- Virginia Woolf, ORLANDO
I've wanted to post that quote for a while now, and finally remembered to do so after reading Glenn Kenny's blog this morning. It's amusing/terrifying to read the emails and comments he gets from people over movies he writes negatively about (e.g. the Adam Sandler email). They are pretty much psychotic. People are fucking weird. Anyway, Mrs. Woolf's quote, though intended to be humorous, is about as truthful as anything I've ever read.
Now for some responses.
One is always at the mercy of the almighty dollar. I know that. School's out and I'm currently unemployed. Like I said in my last post, I understand that if you value doing and having things that cost money, you need to make some. I also understand how much money goes into putting out an album or making a film. The many costs and financial complexities of both are daunting and absurd. I don't look upon either in a trivial light.
I'm absolutely sure PTA and Tarantino are worried about money, don't get me wrong. They need money to live on just like any of us. They also need advantageous financial results to ensure they can continue making the films they want to make. I just don't think that either of those guys is dreaming up their latest picture with giant dollar signs in their eyes. I think they make the best film they possibly can, something that reflects an essential part of themselves, and then hope that as many people as possible can see it and connect to it. I'm sure the biggest problem Tarantino had over the failure of GRINDHOUSE was knowing that a lot of people didn't see it, not that it didn't reap him exorbitant financial rewards. He certainly wants his films to do well, but if he cared more about getting that paycheck then having people see one of his passion projects, he could go direct the next HUNGER GAMES movie. You know what I'm saying? The whole point of bringing up Tarantino and PTA against someone like Michael Bay is to say that Bay is a complete mercenary out to make millions while the former dudes are out to make a great film that they can share with people they know will appreciate it. Like you were saying, you want people to go to your shows because you want them to love what you have worked very hard on. You also want someone to buy your album or one of your t-shirts so that you have money to keep making more albums. This all means that you value the ability to create your art and share it with people. Money isn't the bottom line–the art itself is. To me, that's a crucial difference. If money was all that mattered, you'd just try to be the next Fall Out Boy, right?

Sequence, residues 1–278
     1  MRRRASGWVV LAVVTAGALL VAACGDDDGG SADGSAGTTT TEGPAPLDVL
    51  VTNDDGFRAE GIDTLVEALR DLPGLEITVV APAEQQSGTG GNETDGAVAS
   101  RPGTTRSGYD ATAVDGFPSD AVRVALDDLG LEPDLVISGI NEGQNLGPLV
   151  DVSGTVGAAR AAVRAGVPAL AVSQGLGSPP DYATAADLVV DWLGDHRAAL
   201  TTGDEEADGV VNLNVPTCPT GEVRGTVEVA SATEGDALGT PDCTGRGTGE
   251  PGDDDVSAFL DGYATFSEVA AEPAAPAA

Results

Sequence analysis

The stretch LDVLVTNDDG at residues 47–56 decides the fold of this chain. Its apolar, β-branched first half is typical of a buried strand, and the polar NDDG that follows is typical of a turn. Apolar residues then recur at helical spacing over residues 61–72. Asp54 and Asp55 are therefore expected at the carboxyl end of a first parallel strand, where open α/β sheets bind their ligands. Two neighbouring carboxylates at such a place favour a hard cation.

Also, to be completely fair, I understand that sometimes you gotta do shit for the money. Chris has a friend who's guest acting in some shitty Syfy show soon. I doubt it's the ideal work she wants as an actor, but I'm sure she needs the exposure and the rent money.
And, apparently, despite the success of THERE WILL BE BLOOD, no one would finance THE MASTER. I don't know if you followed its production history, but it came dangerously close to never seeing the light of day. A billionaire's daughter, Megan Ellison, had to swoop in at the last second and save the picture from the trashcan. Phew!
Jade loves I MARRIED A WITCH as much as I do. She IS a great gal.
As to your horror conversation with Chris, I obviously agree with you. I must certainly confess to cheering on the moments of violence in a horror film. Not that I particularly love seeing violence, I just love the anticipation of something frightening or shocking happening. Like you said, it's that vicarious danger of a horror film that makes us watch it. Seeing characters getting hurt or killed isn't exactly fun, but getting scared is. Plus, I'm entirely aware that what I'm seeing is fake and simulated. I can appreciate a good looking kill because that means someone did a hell of a job in the make-up department. Seeing violence in a horror film is as much appreciating how it has been constructed as anything else.
I like slasher movies more than torture porn. The kills are usually quick and inventive as opposed to being drawn out and elaborate. All the fun is in the anticipation of the kill anyway, not necessarily the kill itself. This is what creates tension and makes us scared. Ti West is such a good horror director because he understands this better than most.
PROJECT X looks awful. Meatheads fucking suck. Well said, to the both of you.
Seth McFarland's television shows are among the most unfunny, idiotic, annoying pieces of shit imaginable. But, how did TOSH.0 escape this meathead bashing unscathed? Daniel Tosh is the Todd Phillips of television. He's a total fucking wanker, and the lord of douche bags everywhere.